Characters considered important in previous classifications
(inflorescence position, number of petals, presence or
absence of calyx, and presence or absence of leaf rachis
wings) are mapped on a summary of the phylogenetic trees.
Pollination and breeding system are also mapped to show
how breeding systems have evolved in relation to polli-
nation system and related floral traits. MacClade 4.08 was
used to optimize the traits on the tree. Both ACCTRAN
and DELTRAN resolving options were tested, but since
there were no differences only one tree is shown.
Phylogenetic analyses and congruence
between inference methods
The sequence characteristics for all data sets and partitions
are presented in Table 3. The partition homogeneity test did
not reach significance for the rejection of congruency
among the data partitions (P = 0.50). The Bayesian anal-
ysis was stopped after ten million generations, i.e. long after
the standard deviation of split frequencies of the two par-
allel runs had reached the critical value (0.01). The burn-in
phase was defined as the first 1 million generations, long
after the standard deviation of split frequencies had reached
0.05. Figure 1 shows the majority-rule consensus tree of
36,002 trees (sampled from a total of 40,002 trees from both
parallel runs) estimated using Bayesian inference (BI).
The maximum likelihood (ML) analysis yielded a tree
that is largely identical to the BI tree. The maximum par-
simony (MP) analysis resulted in 47,863 most
parsimonious trees. The strict consensus of these trees
contains the same major clades (=sections) as obtained by
BI and ML, but with poor resolution between them. The
MP and ML trees are not shown, but their jackknife and
bootstrap support values, respectively, are shown along
with the posterior probabilities on the BI tree (Fig. 1).
There is no conflict between the trees yielded by MP
compared to BI and ML, in the sense that there are no
major clades that are strongly supported in one tree but
contradicted in the other. All three inference methods find
the same major clades, which are strongly supported by
bootstrap, jackknife as well as posterior probability values,
but the difference between the results lies in that the strict
consensus of the MP trees is unresolved at the base
whereas most of the basal resolution of the Bayesian tree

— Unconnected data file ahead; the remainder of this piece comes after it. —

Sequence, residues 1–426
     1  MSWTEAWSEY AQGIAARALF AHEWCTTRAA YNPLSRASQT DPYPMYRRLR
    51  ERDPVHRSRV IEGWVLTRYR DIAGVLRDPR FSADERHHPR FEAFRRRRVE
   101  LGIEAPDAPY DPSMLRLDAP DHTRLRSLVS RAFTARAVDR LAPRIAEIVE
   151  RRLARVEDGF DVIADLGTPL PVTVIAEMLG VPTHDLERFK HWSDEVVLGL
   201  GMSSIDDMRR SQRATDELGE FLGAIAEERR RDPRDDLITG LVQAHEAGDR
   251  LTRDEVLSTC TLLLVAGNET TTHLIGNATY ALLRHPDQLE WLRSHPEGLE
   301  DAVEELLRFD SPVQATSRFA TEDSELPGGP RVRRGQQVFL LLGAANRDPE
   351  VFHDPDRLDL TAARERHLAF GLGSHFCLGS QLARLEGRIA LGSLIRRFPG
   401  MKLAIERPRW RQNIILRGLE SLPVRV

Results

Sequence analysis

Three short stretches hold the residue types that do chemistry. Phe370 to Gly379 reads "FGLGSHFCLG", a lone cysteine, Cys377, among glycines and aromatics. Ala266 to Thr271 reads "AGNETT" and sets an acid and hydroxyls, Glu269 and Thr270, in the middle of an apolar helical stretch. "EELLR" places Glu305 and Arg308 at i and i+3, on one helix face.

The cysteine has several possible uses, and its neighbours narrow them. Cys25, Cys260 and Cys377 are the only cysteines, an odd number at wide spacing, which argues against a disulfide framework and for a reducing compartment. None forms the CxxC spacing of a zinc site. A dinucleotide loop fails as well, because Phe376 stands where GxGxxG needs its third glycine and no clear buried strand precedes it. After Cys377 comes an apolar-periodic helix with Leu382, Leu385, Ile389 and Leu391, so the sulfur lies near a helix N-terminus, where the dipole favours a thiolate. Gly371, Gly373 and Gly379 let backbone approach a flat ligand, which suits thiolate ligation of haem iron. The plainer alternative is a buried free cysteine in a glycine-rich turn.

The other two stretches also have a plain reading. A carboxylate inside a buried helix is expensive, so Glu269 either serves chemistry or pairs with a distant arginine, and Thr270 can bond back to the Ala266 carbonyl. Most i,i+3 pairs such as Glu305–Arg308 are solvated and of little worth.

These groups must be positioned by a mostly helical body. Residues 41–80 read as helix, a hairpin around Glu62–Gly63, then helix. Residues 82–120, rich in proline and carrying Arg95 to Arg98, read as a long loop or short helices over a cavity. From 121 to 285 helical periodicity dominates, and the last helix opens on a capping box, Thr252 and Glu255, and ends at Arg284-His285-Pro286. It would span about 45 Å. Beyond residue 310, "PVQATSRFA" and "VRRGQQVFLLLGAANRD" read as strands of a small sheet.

(Fig. 1) is strongly supported.
In the following, support will be referred to as strong for
a posterior probability [0.91 or a jackknife and bootstrap
value [88%. These values have been shown to represent
Table 3 Sequence characteristics of the ITS data (106 ingroup and five outgroup taxa) and the combined chloroplast data set of the trnL-F
region and the rps16 intron (15 ingroup and 2 outgroup taxa)
Data parameters ITS region ITS1 ITS2 5.8S trnL-F + rps16
Sequence length range (bp)
611–638 238–252 205–228 159 1677–1690
Aligned length (bp) 663 269 235 159 859 + 831
Mean GC content (%) (range) 61 (54–67) 63 (54–74) 63 (53–71) 53 (50–55) 35 (34–36)
Number of informative sites (within ingroup) 220 (185) 114 (99) 99 (80) 7 (6) 17 (14)
Parsimony result
Number of MP trees 47863 18
Length of MP trees 918 70
RI (retention Index) 0.86 0.97
Likelihood result
Likelihood -6005 (-2801
) -2826
Some results from the parsimony and maximum likelihood analyses of the data sets are also listed
Sequences that are not full length (i.e. a stretch missing in the beginning and/or end) are excluded from the count
Likelihood value for the ITS tree with the same 17 taxa as in the chloroplast data set
Fig. 1 Majority rule consensus tree resulting from the Bayesian
analysis of 111 ITS sequences representing 40 Fraxinus species and
five Oleaceae outgroup species. For relevant nodes only, Bayesian
posterior probabilities are shown above the branches and parsimony
jackknife/maximum likelihood bootstrap values for the same data set
below the branches. A dash is shown instead of a jackknife value for
those branches that are collapsed in the strict consensus of the most
parsimonious trees. Asterisks denote clades that have additional
support from indels (that were not separately coded). In the few cases
where multiple sequences representing the same species do not group
together, they have been assigned numbers (13) to provide an option
to trace their vouchers in the Appendix’. GB after taxon names
indicates that those sequences were taken from GenBank (study by
Jeandroz et al. 1997). Names within parentheses are original
determinations of some vouchers, which are here regarded as
synonyms. Sectional assignments are according to the revised
classification in this study
30 Plant Syst Evol (2008) 273:25–49
Ligustrum vulgare
Syringa vulgaris
Forestiera acuminata
Osmanthus fragrans
Phillyrea latifolia
F. dipetala
F. dipetala
F. dipetala (F. jonesii)
F. anomala
F. anomala
F. quadrangulata
F. quadrangulata
F. quadrangulata GB
F. chiisanensis
F. cuspidata GB
F. cuspidata
F. cuspidata
F. spaethiana
F. spaethiana
F. spaethiana
F. americana
F. americana GB
F. uhdei
F. uhdei
F. uhdei
F. papillosa
F. papillosa
F. latifolia
F. latifolia
F. latifolia GB
F. americana (F. biltmoreana) GB
F. caroliniana 2
F. pennsylvanica 2
F. texensis 2
F. velutina
F. velutina
F. profunda (F. tomentosa) GB
F. pennsylvanica GB
F. velutina GB
“F. anomala” GB
F. berlandieriana
F. berlandieriana
F. caroliniana 1
F. caroliniana (F. cubensis)
F. pennsylvanica 1
F. texensis 1
F. dubia
F. dubia
F. dubia?
F. purpusii 3
F. dubia? (F. schiedeana)
F. greggii 2
F. greggii? 3
F. rufescens
F. gooddingii
F. greggii 1
F. purpusii 1
F. purpusii 2
F. hubeiensis
F. xanthoxyloides
F. xanthoxyloides
F. nigra
F. nigra